Mayor Bill de Blasio said Wednesday that the man suspected of fatally shooting NYPD Officer Randolph Holder is a "hardened, violent criminal who should not be on the streets."
Police on Wednesday named Tyrone Howard, 30, as the suspect in the slaying of the officer and he is expected to be charged.
Police Commissioner William Bratton said that despite a life of "escalation of crime" Howard was out of jail on a diversion program.
"If ever there was a candidate not to be diverted, it was this guy," Bratton said. "He's a poster boy for not being diverted."
De Blasio said he didn't know the details of how Holder's case was handled by the judge "but I do know that he shouldn't have been on the streets."
Deputy Chief James P. O'Neill said Howard had been wanted in a gang-related shooting on Sept. 1. Police had made "numerous attempts" to arrest him, O'Neill said.
"We were hunting him, but it was obviously unsuccessful," O'Neill said.
The Associated Press reported that Howard had been arrested 28 times since he was 13 years old for offenses including drug possession and robbery, authorities said. He's been sentenced to state prison twice since 2007 on drug possession and sale convictions, state records show.
Howard was arrested in connection with a June 2009 shooting that left an 11-year-old with a gunshot wound to the leg and a 78-year-old grazed by a bullet, according to police.
The chief of detectives for Manhattan, William Aubry, laid out some of the details that police have learned so far about the police officer's shooting, telling reporters at a news conference: "I'm going to take you through the 13 minutes which led up to the death of Police Officer Holder."
As de Blasio and Bratton stood in the background, Aubry said that about 2:30 a.m. Tuesday, there were two housing officers on the roof of 420 E. 102nd St., and "they hear and they see individuals firing weapons at each other."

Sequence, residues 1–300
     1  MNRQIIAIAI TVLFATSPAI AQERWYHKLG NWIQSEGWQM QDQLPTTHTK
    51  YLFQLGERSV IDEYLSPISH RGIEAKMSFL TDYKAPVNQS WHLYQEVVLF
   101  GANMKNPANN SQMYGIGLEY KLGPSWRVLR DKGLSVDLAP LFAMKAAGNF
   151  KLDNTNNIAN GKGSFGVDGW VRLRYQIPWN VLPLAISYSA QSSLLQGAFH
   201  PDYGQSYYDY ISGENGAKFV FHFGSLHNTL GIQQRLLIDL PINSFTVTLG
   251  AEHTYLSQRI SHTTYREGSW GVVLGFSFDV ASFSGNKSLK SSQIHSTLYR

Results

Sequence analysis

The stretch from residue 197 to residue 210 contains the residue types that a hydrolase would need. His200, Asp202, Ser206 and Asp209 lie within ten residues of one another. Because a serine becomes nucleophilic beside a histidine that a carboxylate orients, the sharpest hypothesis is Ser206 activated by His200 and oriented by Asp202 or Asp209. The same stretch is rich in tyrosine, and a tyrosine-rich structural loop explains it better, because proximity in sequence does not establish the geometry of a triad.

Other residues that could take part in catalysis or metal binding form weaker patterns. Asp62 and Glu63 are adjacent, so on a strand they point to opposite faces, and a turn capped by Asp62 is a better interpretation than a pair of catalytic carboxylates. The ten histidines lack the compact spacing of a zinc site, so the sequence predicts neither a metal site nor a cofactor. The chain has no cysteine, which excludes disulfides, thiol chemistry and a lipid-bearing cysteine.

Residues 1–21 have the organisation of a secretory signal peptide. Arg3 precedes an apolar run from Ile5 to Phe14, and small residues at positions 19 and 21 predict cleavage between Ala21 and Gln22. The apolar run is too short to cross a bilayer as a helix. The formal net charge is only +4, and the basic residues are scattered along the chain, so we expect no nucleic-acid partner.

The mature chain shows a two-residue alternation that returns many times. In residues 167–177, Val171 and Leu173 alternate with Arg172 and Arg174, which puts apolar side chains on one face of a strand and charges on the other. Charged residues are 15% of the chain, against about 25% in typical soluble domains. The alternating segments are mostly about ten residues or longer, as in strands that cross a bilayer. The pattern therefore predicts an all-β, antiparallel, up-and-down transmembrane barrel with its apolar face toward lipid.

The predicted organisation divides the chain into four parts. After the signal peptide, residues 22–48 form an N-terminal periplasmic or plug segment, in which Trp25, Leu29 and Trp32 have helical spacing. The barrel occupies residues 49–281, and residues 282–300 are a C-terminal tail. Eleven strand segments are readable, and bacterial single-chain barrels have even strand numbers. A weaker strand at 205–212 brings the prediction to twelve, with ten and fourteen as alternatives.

The men used at least three weapons, Aubry said. Howard was one of the men, and he fled northward on a promenade that runs between the FDR Drive and the East River, Aubry said.
At 106th Street, Howard stole a bicycle from a man at gunpoint and continued north, the chief said. Meanwhile, Holder and his partner, both in plainclothes, had been following three men across a walkway over the drive at 120th Street, believing mistakenly that the men were part of the group that had exchanged gunfire, Aubry said.
As Holder and his partner walked down the ramp on the promenade side, they encountered Howard heading north on the stolen bicycle, Aubry said.
"When Tyrone approaches them on the bicycle, he puts the bike down, he pulls out his weapon and he fires one time, striking the officer [Holder] in the front of the head," Aubry said. Howard then approached Holder's partner, who fired once, the chief said.
Howard fled north on the promenade, where he was arrested by other officers between 124th and 125th streets, Aubry said.
Holder, 33, a Brooklyn resident, was the fourth NYPD officer killed in the line of duty in less than a year.
Howard, who was wounded in the leg and treated at a hospital, is now being held at the 25th Precinct in East Harlem and would be put in lineups to determine whether he can be identified as the man who stole the bicycle and as one of the men who had exchanged gunfire, Aubry said. The chief said detectives would then consult with prosecutors about a murder charge in the slaying of Holder.